Emilia McCool, owner of Sweet Emilia Jane in LA, coordinated a union between a pair who loved cooking and was known for throwing fabulous dinner parties. So it was natural that the couple return to the local spice shop, where they’d bought ingredients many times before, to buy a few special spices in bulk for personalized, hand-stamped bags. McCool created the favors, which cost about $2 each. “You could smell them when you sat down, and it set the atmosphere for dinner,” she says.

Hot Chocolate

Although their doomsday prediction was getting all the attention last year, the Mayans, more importantly, were responsible for introducing the world to drinking chocolate. Patricia Tsai, owner at Culver City’s ChocoVivo, wants to reintroduce their pure cacao concoctions. “The chocolate we grew up on is so processed and dumbed down with artificial flavorings and soy lecithin. This chocolate is food, not candy.” Tsai’s stone-ground 2.6 ounce bars, in flavors such as coffee vanilla and spicy chili produce 4 ounces of hot chocolate when heated and mixed with liquid. Mini-wedding sized favors begin at $3.50 per one ounce of chocolate. Additional charges apply to custom blends or packaging beyond the standard butcher paper and twine. Bars can also be broken into chips or pulverized into powder to fit various containers, such as vintage milk bottles.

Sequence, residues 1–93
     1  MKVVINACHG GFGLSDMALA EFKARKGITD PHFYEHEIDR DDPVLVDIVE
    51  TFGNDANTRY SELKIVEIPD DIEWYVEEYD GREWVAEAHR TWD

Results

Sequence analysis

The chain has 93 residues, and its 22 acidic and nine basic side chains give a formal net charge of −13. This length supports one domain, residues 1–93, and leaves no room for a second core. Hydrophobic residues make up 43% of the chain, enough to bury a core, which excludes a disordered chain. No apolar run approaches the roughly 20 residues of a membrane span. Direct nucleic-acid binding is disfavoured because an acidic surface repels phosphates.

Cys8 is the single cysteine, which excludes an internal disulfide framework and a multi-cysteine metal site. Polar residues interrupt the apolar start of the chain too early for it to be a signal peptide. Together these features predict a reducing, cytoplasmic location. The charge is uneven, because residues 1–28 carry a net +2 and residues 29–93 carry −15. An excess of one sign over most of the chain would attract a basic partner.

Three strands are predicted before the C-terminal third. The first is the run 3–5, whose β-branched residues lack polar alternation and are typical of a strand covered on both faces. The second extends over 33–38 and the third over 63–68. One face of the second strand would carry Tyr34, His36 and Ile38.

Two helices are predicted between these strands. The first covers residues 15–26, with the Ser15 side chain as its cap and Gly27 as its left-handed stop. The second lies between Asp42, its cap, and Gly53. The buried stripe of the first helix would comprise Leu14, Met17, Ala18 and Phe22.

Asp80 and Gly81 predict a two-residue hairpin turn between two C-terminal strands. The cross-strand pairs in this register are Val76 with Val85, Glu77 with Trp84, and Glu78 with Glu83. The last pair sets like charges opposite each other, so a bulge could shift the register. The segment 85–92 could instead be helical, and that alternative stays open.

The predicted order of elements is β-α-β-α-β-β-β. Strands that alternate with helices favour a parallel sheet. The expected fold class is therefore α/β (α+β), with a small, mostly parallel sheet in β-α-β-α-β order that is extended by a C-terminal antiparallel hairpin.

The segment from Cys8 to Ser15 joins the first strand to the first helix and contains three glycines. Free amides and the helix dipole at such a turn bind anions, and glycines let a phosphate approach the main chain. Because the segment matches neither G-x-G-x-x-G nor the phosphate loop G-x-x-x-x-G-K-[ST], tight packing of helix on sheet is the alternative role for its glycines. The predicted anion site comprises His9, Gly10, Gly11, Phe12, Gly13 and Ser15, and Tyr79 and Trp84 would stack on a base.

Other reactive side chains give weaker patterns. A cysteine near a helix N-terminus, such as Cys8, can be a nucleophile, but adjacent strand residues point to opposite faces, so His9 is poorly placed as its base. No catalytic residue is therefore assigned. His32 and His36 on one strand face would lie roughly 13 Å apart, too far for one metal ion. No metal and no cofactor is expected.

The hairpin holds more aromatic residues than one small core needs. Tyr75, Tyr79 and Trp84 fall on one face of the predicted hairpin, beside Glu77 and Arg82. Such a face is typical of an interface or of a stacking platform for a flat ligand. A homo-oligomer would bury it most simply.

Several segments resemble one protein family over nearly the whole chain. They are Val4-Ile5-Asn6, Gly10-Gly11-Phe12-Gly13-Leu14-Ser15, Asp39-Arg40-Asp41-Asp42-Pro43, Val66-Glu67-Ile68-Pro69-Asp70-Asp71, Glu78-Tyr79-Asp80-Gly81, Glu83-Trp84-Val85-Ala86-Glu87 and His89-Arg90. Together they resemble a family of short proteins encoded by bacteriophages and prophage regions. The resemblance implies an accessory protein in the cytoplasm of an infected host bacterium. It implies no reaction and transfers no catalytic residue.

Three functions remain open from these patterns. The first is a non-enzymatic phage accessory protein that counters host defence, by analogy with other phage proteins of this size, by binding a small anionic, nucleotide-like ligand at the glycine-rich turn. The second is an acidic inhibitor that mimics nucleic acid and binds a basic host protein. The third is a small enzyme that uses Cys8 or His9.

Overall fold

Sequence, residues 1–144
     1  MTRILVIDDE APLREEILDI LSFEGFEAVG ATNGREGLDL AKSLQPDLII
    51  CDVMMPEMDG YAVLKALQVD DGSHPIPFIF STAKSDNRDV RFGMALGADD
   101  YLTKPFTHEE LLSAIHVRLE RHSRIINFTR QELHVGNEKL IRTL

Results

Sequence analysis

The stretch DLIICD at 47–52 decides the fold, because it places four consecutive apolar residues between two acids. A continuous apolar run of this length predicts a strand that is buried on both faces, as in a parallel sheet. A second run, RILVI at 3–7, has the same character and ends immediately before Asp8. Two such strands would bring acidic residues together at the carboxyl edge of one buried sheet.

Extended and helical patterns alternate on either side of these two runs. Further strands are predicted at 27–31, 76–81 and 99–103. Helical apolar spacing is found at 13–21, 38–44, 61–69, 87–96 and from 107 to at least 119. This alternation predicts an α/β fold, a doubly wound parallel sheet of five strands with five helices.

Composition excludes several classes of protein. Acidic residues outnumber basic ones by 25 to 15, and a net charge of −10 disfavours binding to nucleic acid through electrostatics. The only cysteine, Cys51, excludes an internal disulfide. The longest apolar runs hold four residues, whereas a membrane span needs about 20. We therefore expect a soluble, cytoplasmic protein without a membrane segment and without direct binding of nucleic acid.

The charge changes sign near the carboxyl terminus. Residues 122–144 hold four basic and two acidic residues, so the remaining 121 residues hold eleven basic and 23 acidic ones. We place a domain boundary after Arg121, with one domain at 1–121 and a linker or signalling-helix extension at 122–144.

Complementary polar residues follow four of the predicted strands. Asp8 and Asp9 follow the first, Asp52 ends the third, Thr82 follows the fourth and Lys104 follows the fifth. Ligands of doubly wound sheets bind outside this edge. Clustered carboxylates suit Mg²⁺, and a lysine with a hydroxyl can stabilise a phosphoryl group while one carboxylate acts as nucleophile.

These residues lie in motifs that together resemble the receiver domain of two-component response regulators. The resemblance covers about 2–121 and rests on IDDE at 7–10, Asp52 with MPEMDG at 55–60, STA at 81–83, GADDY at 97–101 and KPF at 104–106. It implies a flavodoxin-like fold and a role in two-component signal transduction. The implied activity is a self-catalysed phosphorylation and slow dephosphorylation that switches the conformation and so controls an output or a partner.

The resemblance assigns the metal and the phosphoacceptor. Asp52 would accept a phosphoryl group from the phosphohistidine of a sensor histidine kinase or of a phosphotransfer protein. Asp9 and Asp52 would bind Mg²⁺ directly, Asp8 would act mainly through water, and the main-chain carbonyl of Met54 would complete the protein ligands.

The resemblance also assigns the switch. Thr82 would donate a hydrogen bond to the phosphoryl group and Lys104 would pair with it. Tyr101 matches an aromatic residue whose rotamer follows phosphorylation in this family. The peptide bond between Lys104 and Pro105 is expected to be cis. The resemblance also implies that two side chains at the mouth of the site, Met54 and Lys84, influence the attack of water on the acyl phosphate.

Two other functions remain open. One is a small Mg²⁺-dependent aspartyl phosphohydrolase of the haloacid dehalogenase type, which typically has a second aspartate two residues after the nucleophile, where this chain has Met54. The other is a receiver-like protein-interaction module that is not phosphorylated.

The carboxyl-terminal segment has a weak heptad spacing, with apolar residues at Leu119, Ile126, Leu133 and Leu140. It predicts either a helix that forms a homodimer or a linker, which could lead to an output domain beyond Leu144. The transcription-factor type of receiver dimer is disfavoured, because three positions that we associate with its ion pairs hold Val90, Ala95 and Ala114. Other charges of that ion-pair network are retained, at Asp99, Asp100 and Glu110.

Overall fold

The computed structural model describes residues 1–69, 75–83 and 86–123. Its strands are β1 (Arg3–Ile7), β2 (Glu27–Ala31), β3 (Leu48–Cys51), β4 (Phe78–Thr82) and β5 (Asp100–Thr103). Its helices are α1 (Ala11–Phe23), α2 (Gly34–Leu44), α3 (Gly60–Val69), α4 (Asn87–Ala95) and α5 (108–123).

Thanks to companies putting an epicurean spin on the humble kernel, popcorn is no longer relegated to movie night. Wedding sales manager Jessica Haro of Global Gourmet Catering explains, “Popcorn appeals to every taste bud,” thanks to the wide variety of savory and sweet flavor profiles, such as the Bay Area’s caterer’s best sellers, caramel and white truffle mushroom. Popcorn items start at $4 per guest and can be served in many different ways, including bag-your-own bars. ✵

We are featured on Carats and Cake!!!


LA Wedding at Carondelet House

from Aurelia D’Amore Photography